Indicator 35.1: Sufficient resources are allocated to identify, assess and monitor special needs.

Indicator 35.2: The initial identification and assessment of special needs is conducted as soon as possible.

  • Additional remarks: Identification and assessment of special reception needs may take place at different stages. It is recommended that initial identification and assessment take place during the reception intake (1 to 3 days). Additional ongoing identification and/or assessment should take place depending on the respective special needs.

Indicator 35.3: Special needs that become apparent at a later stage are adequately identified and assessed.

  • Additional remarks: Some special reception needs may only become apparent at a later stage. Therefore, it is important that identification and assessment are ongoing.

Indicator 35.4: Where relevant, specialised actors are involved in the assessment of special needs.

  • Additional remarks: Specialised actors, such as psychologists or medical professionals, may be involved in the assessment of special needs depending on the nature of these needs. Their expertise should be effectively accessible to the reception authorities where necessary.

Indicator 35.5: Communication channels and cooperation between the reception authority and the determining authority are established and used.

  • Additional remarks: Identification and assessment of special needs are more effective when information is communicated between the authorities, without prejudice to national confidentiality and data protection regulations.

Indicator 35.6: The identification and assessment of special reception needs takes place without prejudice to the examination of the applicants’ need for international protection.

  • Additional remarks: It is important to clearly separate the issues of identification and assessment of special reception (and procedural) needs and the examination of the application for international protection. While in some cases the applicants’ situation of vulnerability would also have an impact on the outcome of the application, the purpose of the identification and assessment as per this guidance is solely to guarantee effective access to the rights and benefits under the RCD during the asylum procedure.

STANDARD 36: Ensure that identified special reception needs are addressed in a timely manner.

Indicator 36.1: Adequate and prompt action is taken to respond to the identified and assessed special needs.

  • Additional remark: Sufficient resources should be allocated to the response to special needs. In addition, standard operating procedures and/or referral mechanisms should be used as appropriate.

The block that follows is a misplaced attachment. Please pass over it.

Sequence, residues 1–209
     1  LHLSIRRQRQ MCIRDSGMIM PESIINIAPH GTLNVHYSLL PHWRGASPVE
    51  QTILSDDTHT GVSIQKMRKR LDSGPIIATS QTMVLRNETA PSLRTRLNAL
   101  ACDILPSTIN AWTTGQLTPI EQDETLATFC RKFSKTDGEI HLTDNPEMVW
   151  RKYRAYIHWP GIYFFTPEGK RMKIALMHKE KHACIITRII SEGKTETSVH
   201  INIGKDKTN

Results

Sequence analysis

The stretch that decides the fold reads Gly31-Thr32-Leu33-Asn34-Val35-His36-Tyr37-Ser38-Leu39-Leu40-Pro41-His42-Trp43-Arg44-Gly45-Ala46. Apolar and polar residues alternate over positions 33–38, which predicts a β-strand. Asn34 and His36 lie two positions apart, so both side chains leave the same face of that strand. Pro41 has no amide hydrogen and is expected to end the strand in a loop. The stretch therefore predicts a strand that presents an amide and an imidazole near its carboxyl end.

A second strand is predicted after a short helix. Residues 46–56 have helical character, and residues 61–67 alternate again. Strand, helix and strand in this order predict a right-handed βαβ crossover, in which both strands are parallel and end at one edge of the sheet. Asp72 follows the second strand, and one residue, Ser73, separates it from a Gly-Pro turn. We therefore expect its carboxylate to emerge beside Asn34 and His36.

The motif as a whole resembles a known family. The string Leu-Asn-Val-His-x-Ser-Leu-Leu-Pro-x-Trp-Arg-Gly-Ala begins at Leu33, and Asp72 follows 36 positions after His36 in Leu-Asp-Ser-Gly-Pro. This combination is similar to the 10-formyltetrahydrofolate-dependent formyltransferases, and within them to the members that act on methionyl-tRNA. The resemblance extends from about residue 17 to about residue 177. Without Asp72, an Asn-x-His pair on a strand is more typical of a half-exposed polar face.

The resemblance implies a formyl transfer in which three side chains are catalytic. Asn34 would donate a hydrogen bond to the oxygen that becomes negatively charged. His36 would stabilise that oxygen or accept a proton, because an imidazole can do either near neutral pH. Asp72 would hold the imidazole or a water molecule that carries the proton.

Indicator 36.2: If special needs have been identified, there is a mechanism in place to ensure their regular monitoring.

  • Additional remarks: Member States should also envisage the regular follow-up monitoring of identified special needs.

   Good practice on identification, assessment and response to               special needs

   It is considered good practice:

  • to set up a mechanism for the identification and assessment of special reception needs as part of national operating procedures. The EASO IPSN Tool could be integrated into these procedures, notably by applying the guidance on ‘Reception support’;
  • to consider as applicants with special needs also categories other than those listed non-exhaustively in Chapter IV of the RCD, for example LGTBI, people with other gender-related special needs and illiterate applicants.

EASO Tool for Identification of Persons with Special Needs (IPSN)

In order to support Member States in the identification and assessment of special needs in terms of procedural and reception guarantees, EASO has developed a web-based interactive tool, publicly accessible in a number of EU languages.

The IPSN Tool is an intuitive practical instrument intended to support the timely and ongoing identification of individual special needs without the requirement of specialised knowledge. It relies on an outline of indicators, linked to different categories of persons with potential special needs. The list includes all categories mentioned by the RCD, as well as LGBTI persons and persons with gender-related special needs. Selecting a category provides further information in order to assess whether the applicant has the respective special needs and generates a checklist and brief guidance on relevant support measures. Reception support is one of the aspects developed within the IPSN Tool.

Once the user has generated the relevant information, he or she can choose to print or save a report, including a selection of different elements. The report can be further individualised for the particular case at hand before it is saved and/or printed.

The integration of the IPSN Tool in a national mechanism, which is in accordance with the standards in this section, is recommended as good practice.

The tool is available at https://ipsn.easo.europa.eu